I’m had a great time conducting Sydney Symphony Orchestra for Bryony Marks’ brilliant score The Happiness Box. The book was written at Changi Camp in 1942 by POWs David Griffin and Leslie Greener. It’s a colorful, sophisticated score, beautifully illustrating the story delivered by narrator Mandy Bishop. The concert was livestreamed to classrooms across the nation. Recorded live at The Seymour Centre on 1 November 2018.
Yikes, I just can't get over countertenor Terry Barber's incomparable voice. This is my re-treatment of the Korean folksong 'Arirang', sung by Terry on his album 'Around the World in 80 Minutes' (Purchase: https://bit.ly/2D1FxWx). Terry will perform 'Arirang' throughout USA and Canada in his 'Around the World In 80 Minutes' tour this season and next. All tour dates at www.TerryBarber.com. Check out Facebook.com/TouringArtist and IG @TouringArtist.
MACQUARIE, and orchestral-hiphop interrogation of the legacy of Lachlan Macquarie. By Luka Lesson (words) & Gordon Hamilton (music)
Queensland Symphony Orchestra // Conductor, Sarah-Grace Williams // Rapper, Luka Lesson
The ‘Macquarie’ concerto was inspired by events both in Australia and in the southern states of the USA, where statues of confederate fighters are being torn down because of their roles in supporting slavery during the civil war. Here as well, there is contention about whether we should be honouring people who advanced the colony while advocating for the oppression of Indigenous peoples. Macquarie himself is seen by some as a hero, and others as a villain. A hero in that he established the first bank and currency and advanced Sydney from a colonial village to a burgeoning city. And a villain in that it was through his hunger for perpetual growth that he also established the first institution for Aboriginal children to be taken from their families and be placed into government care, and ordered the first government sanctioned massacre of Indigenous people. The Appin massacre resulted in 14 deaths, with body parts of two of those killed sent to Edinburgh for scientific study, where they remain today. This work asks the questions: Do these actions reverberate in the way we as Australians treat each other today?
This is a piece that Tom Thum and I wrote on a recent writing trip to Ukaria Cultural Centre in the Adelaide Hills to develop music for our concerts in Cologne and Nürnberg. We were super stoked to have some fantastic players from Adelaide Symphony Orchestra join us for this one. Named after the parrot that flew into the glass when we were thinking of a name (it was fine.)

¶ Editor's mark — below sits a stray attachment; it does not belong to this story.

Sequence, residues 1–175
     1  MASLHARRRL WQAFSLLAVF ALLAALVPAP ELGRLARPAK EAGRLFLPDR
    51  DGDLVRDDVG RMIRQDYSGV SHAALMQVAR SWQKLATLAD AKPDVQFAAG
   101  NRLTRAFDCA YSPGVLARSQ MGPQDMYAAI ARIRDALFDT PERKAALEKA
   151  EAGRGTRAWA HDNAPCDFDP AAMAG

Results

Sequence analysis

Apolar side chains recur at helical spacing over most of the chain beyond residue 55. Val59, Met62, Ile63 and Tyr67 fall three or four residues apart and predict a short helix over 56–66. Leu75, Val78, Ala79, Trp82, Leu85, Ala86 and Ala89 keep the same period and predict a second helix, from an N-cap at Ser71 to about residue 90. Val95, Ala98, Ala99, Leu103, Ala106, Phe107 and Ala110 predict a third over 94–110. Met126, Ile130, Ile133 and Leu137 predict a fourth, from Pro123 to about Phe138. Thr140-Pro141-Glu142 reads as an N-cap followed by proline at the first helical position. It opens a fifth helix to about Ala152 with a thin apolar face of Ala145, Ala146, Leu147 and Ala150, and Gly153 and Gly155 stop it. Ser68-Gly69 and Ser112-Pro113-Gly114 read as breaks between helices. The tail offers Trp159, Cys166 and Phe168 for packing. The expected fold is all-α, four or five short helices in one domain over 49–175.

Conducting 'Red Live Breath' by Berlin-based Australian composer Cathy Milliken. In this ritualistic work, the choristers gather to sing short phrases, play stones, exchange sonorities with whirlies and interact with torches: all actions that set the space as a magical place. The text is taken from Gertrude Stein, Herbert Zbigniew and Cathy Milliken.
Frederick Septimus Kelly was an Australian-British composer who began composing his "Elegy in Memoriam Rupert Brooke" as his dear friend, the poet Brooke lay dying on a transport ship. Kelly survived the carnage and was wounded at Gallipoli, only to die while rushing a German machine gun at Beaucourt-sur-l'Ancre. Our Artistic Director Gordon Hamilton has adapted the famous string work for voices in a setting one of Brooke's best-known poems.
I quite like our national anthem, even though it gets a bad rap. It has satisfying rising & falling phrases and a clear structure. I arranged it a few years ago, wanting to explore some different harmonic possibilities.
Download the score: https://goo.gl/NWEQSC
Download the scores here.
One-minute piano pieces // all experiences are temporary // pieces cycle through modes and scales // themes recur // one string is prepared
This is a song I really connect with. Simple and direct lyrics and a melody with a beautiful shape. We were warming up in a gorgeous stone hall before the concert in Tecpán Cathedral (this was also the scene of the post-concert beans & tortillas 😋)
Download the score: https://goo.gl/amNKhH
‘Who Are We’ marvels at the enormity of the universe. The text is by the great scientist, communicator and atheist, Carl Sagan:
We find that we live on an insignificant planet of a humdrum star
lost in a galaxy in some forgotten corner
of a universe containing far more galaxies than people.
Download the score: https://goo.gl/nXpT7o